And I certainly love to visit them to feel a sense of calm.

Sumo Wrestling

Far from a stereotype, sumo wrestling is a genuine sport.

Wrestlers, or “rikishi,” train rigorously in sumo stables, adhering to a strict lifestyle focused on discipline, diet, and physical conditioning. Matches, held in a sacred ring known as a “dohyo,” are ceremonial affairs marked by intricate pre-bout rituals, including salt throwing and stomping to purify the arena.

The idea is to force your opponent out of the ring or to touch the ground with any part of their body other than the soles of their feet.

It’s possible, but not incredibly easy, to watch sumo matches as a foreigner.

Vending Machines

When you ask yourself what is Japan famous for, the first answer may not be vending machines. But as soon as you visit the country, you’ll think differently.

Vending machines are everywhere, selling almost everything. Entire meals can be bought by pressing a button next to a picture – and the food is good too.

Many restaurants also have plastic replicas of food in their shop windows to help you with your choice.

Sounds unlikely? Go and see for yourself.

Capsule Hotels

Originating in Osaka in the late 1970s, capsule hotels cater primarily to budget-conscious travellers seeking a no-frills stay in densely populated urban centres.

Each capsule, resembling a compact pod or sleeping compartment, provides a functional space equipped with basic amenities such as a bed, lighting, and sometimes a small entertainment system.

While the individual capsules are compact, the communal areas often feature shared facilities including bathrooms, showers, and relaxation areas.

Although designed with male workaholics in mind, capsule hotels work well for solo travellers with busy itineraries. You’ll find them all across the main islands.

Love Hotels

Then, a completely different experience is the Japanese love hotels. In a country where living spaces are tiny and bamboo screens see-through and un-soundproofed, what are young lovers to do?

Originating in the 1960s, these establishments provide themed rooms with a range of amenities catering to romantic encounters, from whirlpool baths and mirrored ceilings to extravagant decor and mood lighting.

Privacy is paramount, with discreet entrances and exits ensuring anonymity for guests.

Did we try them? Yes, we did. Did I cringe as someone realised we were lost and tried to help? I think I still blush at the memory ten years on…

Anime and Video Games

Akihabara, often referred to as “Electric Town,” is a chaotic, neon-filled district in Tokyo that pulses with anime and video games.

Anime and manga shops line the streets, offering an extensive array of merchandise, from figurines and posters to DVDs and cosplay accessories.

Video game arcades abound, featuring the latest releases alongside classic arcade cabinets, drawing gamers of all ages and skill levels.

Akihabara is also home to numerous specialty cafes, where patrons can immerse themselves in themed experiences ranging from maid cafes to cat cafes, another thing Japan is famous for.

It’s a bright, brilliant expression of Japanese pop culture.

Geisha in Tokyo close up face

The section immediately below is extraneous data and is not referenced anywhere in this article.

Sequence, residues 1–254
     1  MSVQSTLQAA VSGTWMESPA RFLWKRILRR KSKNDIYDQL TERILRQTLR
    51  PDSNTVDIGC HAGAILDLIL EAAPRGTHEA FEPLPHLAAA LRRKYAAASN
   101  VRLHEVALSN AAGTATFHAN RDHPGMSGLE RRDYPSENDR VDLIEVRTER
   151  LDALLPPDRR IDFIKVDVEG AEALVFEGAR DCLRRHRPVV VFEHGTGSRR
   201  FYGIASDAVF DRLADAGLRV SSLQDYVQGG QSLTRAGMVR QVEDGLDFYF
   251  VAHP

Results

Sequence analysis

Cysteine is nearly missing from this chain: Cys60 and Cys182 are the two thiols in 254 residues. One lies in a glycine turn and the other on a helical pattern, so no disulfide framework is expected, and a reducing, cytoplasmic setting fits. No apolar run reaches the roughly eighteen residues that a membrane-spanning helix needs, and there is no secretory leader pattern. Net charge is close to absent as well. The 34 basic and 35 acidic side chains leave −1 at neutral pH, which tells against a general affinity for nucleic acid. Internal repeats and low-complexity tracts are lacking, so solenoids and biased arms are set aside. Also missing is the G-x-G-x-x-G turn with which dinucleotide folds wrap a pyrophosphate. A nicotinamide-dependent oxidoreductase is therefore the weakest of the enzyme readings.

Should you see the highlights of Japan independently or on a guided tour?

It’s a question everyone asks. Should you join a tour or can you travel alone?

Despite the language barrier, I’ve always found travel around Japan to be pretty straightforward on my own. Enough people speak English to make things like buying train tickets and checking into hotel rooms easy enough.

Public transport is remarkably safe, train journeys are smooth and sophisticated and it’s easy to arrange private transfers for any difficult parts. Where I struggled the most was with the local trains in Tokyo, but even then, I didn’t struggle for long.

And, although it’s a sweeping statement to make, in general, Japanese people are friendly and helpful. Crime rates are low and etiquette is high.

That said, it will be easier if you join a tour. Just watch out for additional costs, free time and single supplements. And make sure that your tour leader knows the area well. An expert guide can introduce you to people and show you to places you might otherwise miss.

Then again, you often miss local restaurants with big tours, since you have to find places big enough to accommodate you all.

If you really can’t decide, then a useful compromise is to mainly travel under your own steam while booking onto various cooking lessons or walking tours.

Japan - Tohoku - Aomori - Hachinohe Emburi Festival Dancers and Scenes- children having fun

More on Travel in Japan

Planning a trip to Japan? Great news! After reading about these highlights of Japan, you’re nearly ready to go.

There’s so much more to the country than Tokyo. One of the best things to do in Japan involves heading south to the beaches of Okinawa or north to the snow festivals and igloo carnivals in winter.

And if you’re seriously thinking about climbing Mt Fuji, then this is the article for you.

And finally, see how reinvention can occur following tragedy in the lively cities of Hiroshima and Nagasaki.

In short, once you’ve seen the highlights of Japan (and followed our list of first time travel tips for Japan to do so), it’s time to learn how to get off the beaten track in Japan.